When I decided to place my new Bee Beard Log Hive I considered many things. I wanted it placed where it would get the morning sun shining into the entrance, well beyond the long reach of the tree shadows in winter, and protected from the raging winter winds that blast from the southwest. Also I wanted the hive to be visible if possible, on the edge of the garden, so we could observe the bees whenever we worked outside. The placement of the hive in front of the bamboo satisfied all the requirements. What I didn’t know is that bamboo attracts wasps. When I started seeing all the wasps on the bamboo I started to panic. What are they doing around my log hive? I started recalling the stories at the bee meeting about all the hives that are lost to wasps. How did I know bamboo attracts wasps? Is that common knowledge?
The bamboo was leaning over the log hive…are the wasps going to attack my bees? What to do?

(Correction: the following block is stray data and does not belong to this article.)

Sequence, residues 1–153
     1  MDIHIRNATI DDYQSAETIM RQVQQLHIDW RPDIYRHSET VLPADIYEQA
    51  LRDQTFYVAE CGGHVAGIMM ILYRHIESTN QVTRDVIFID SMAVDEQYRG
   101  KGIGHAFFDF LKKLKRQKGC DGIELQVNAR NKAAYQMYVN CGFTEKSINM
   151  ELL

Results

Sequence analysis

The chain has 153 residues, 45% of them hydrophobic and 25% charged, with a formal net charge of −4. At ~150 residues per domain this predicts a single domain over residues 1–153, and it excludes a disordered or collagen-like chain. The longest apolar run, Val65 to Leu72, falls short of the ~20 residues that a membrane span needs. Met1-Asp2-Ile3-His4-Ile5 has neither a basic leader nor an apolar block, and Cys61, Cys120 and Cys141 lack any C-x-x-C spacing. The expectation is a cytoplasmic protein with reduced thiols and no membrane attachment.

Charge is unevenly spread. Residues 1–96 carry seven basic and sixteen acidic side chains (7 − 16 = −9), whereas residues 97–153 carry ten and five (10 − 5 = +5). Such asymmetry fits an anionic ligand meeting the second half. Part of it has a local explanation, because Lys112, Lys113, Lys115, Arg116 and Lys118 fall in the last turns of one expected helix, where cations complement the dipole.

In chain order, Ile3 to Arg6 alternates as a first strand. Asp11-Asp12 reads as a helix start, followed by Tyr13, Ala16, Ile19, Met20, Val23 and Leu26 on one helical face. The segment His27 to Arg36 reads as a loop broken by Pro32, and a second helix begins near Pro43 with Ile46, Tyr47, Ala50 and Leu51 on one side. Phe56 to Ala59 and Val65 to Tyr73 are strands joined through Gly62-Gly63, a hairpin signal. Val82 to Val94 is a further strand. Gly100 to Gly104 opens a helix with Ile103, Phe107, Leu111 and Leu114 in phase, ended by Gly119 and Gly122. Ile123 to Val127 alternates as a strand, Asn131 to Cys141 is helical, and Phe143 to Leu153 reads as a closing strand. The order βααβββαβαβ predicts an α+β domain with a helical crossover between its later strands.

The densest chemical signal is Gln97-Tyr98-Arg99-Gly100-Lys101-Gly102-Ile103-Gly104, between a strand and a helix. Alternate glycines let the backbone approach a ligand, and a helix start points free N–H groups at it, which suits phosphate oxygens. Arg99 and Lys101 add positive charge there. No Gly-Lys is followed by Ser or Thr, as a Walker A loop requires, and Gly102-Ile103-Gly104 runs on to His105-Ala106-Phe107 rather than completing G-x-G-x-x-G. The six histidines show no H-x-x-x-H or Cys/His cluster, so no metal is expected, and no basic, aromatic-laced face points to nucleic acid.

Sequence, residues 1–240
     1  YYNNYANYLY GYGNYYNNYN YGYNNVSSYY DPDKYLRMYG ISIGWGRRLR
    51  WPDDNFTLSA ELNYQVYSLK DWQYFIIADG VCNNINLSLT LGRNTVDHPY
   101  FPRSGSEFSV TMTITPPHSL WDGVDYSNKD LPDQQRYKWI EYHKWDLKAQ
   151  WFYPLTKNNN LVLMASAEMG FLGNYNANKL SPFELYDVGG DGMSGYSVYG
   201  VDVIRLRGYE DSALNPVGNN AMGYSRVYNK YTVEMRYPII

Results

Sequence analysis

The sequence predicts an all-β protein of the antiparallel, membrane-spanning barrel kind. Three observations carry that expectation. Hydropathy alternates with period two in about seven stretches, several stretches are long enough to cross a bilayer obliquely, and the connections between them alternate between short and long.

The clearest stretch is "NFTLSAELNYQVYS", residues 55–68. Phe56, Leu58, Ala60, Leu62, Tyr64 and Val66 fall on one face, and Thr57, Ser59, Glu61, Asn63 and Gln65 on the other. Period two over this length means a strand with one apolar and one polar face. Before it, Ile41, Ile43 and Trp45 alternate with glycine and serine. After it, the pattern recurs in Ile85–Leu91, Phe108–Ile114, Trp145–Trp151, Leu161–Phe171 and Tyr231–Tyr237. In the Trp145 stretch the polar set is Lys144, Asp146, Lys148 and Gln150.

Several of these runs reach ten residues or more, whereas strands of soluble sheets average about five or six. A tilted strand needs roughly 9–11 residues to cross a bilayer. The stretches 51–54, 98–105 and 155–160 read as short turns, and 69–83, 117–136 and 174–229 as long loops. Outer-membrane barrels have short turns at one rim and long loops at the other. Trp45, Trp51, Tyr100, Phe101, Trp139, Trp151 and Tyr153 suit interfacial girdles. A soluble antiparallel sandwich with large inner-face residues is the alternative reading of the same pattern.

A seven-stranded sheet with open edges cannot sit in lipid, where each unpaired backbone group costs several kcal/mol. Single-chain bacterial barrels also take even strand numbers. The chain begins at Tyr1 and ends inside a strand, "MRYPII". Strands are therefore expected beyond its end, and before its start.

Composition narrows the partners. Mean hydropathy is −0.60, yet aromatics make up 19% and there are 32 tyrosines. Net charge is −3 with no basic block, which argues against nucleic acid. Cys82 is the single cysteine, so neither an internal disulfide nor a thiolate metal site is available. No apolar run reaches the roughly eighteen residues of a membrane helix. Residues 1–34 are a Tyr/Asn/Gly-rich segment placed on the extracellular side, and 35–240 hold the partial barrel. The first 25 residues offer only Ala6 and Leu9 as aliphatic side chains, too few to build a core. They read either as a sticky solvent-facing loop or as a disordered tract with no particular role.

After consulting the internet about bamboo I found out that wasps gather fibers from the bamboo for their paper nests. That’s what they are doing on the bamboo, not attacking the log hive,
Wasps are scary because they can sting again and again, but they also are beneficial because they prey on other pests like spiders, flies, bug, and caterpillers.
We feel that wasps have a place in our garden. We won’t kill them because they really aren’t bothering us or the bees, The ground hive is almost never used the next year and once the cold weather hits, it will be inactive.
I shot a short video showing the wasps on the bamboo as well as the very active ground hive.,,
Chainsaw artist Brian Vorwaller, carving the face on the log here.